C Program to Multiply Two Numbers

1. Introduction

Arithmetic is one of the pillars of programming. As we continue our journey into the basics of C programming, today's focus is on multiplication. Through a simple program that multiplies two numbers, we will explore fundamental coding practices such as variable usage, capturing user input, and displaying outputs.

2. Program Overview

Our program's structure involves:

1. Asking the user to provide two numbers.

2. Capturing and storing the numbers.

3. Multiplying the numbers.

4. Displaying the product.

3. Code Program

#include <stdio.h>  // Incorporating the Standard I/O library to utilize input and output functions

int main() {  // The main function, acting as the starting point of our program

    double num1, num2, product;  // Declare three variables of type double: two for the user's input and one for the multiplication result

    // Prompt the user to enter their numbers
    printf("Enter the first number: ");
    scanf("%lf", &num1);  // Capture and store the first number

    printf("Enter the second number: ");
    scanf("%lf", &num2);  // Capture and store the second number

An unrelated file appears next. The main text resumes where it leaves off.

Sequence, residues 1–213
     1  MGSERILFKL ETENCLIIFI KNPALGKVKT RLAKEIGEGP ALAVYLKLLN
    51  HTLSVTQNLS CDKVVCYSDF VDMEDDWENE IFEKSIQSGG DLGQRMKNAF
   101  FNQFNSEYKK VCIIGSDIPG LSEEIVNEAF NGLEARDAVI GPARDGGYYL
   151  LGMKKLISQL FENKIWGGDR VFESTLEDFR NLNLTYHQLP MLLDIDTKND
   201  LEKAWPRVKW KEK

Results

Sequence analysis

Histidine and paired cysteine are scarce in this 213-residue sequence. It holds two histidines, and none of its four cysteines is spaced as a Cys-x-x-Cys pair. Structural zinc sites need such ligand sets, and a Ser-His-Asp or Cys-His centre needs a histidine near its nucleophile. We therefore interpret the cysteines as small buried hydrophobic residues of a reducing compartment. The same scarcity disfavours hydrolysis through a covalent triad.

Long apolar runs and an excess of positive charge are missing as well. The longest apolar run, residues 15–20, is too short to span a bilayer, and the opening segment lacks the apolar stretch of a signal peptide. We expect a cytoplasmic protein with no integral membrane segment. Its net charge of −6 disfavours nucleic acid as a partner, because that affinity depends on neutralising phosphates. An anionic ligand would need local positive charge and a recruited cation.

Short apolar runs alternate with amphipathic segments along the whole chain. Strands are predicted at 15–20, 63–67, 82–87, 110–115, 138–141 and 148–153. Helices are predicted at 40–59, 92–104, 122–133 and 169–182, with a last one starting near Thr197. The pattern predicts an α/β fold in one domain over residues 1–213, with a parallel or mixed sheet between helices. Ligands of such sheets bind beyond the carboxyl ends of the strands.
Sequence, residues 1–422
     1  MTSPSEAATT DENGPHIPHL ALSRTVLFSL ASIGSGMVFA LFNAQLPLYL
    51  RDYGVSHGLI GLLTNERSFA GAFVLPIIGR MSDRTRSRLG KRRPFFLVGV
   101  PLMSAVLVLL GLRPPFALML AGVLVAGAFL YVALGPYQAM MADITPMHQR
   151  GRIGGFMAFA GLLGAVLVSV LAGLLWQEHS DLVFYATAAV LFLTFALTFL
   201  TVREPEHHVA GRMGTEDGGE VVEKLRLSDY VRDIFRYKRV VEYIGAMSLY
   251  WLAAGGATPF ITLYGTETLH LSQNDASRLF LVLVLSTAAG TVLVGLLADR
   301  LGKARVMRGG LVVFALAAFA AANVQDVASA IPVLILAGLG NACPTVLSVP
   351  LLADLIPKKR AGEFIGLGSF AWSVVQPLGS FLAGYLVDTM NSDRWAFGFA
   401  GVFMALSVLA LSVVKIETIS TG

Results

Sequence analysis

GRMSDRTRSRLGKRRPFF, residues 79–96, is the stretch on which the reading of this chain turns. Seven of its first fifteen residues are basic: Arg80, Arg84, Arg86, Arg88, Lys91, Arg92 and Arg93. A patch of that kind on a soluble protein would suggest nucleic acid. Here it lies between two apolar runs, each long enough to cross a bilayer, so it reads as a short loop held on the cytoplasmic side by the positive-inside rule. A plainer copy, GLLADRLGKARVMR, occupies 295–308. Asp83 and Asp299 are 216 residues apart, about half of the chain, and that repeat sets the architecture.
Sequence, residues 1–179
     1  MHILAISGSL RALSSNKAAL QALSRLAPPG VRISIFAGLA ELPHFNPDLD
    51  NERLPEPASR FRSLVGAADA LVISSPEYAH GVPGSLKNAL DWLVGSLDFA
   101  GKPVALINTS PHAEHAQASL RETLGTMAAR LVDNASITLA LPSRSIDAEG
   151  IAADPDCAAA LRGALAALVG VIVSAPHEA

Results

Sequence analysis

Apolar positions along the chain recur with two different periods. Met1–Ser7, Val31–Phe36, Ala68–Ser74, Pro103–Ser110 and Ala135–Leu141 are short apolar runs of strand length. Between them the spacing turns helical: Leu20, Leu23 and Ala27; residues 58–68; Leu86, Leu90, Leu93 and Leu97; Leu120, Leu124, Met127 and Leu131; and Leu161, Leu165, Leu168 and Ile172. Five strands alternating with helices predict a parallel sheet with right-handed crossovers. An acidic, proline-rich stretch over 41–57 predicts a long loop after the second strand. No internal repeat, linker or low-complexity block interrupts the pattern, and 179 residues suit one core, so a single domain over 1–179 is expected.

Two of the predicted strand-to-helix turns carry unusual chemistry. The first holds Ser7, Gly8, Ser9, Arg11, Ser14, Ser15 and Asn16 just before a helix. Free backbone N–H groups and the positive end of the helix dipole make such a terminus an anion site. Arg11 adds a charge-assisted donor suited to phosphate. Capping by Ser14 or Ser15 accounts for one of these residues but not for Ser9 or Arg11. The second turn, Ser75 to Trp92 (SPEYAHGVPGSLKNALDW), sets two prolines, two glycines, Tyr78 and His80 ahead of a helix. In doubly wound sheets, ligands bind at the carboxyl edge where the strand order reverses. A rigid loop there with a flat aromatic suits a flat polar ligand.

product = num1 * num2;  // Calculate the product of the two numbers

    printf("The product of %.2lf and %.2lf is: %.2lf\n", num1, num2, product);  // Display the multiplication result

    return 0;  // Indicate the program has run successfully


Enter the first number: 5
Enter the second number: 4
The product of 5.00 and 4.00 is: 20.00

4. Step By Step Explanation

1. #include <stdio.h>: This inclusion integrates the standard input/output library, enabling us to use foundational functions such as printf and scanf.

2. int main(): All C programs commence their execution from the main function.

3. double num1, num2, product;: Here, we set aside memory for three double type variables to hold our two numbers and the resulting product.

4. The printf function: Utilized to display messages or prompts to the user.

5. The scanf function: This function captures user input. With %lf, we specify that we're dealing with the double datatype. The ampersand (&) signifies the memory address, indicating where in memory the input value should be saved.

6. product = num1 * num2;: This line carries out the multiplication operation.

7. return 0;: This line is a convention, indicating that the program executed without errors.

Through this basic multiplication program, newcomers to C programming are introduced to user interactions, arithmetic operations, and the structure of a simple program.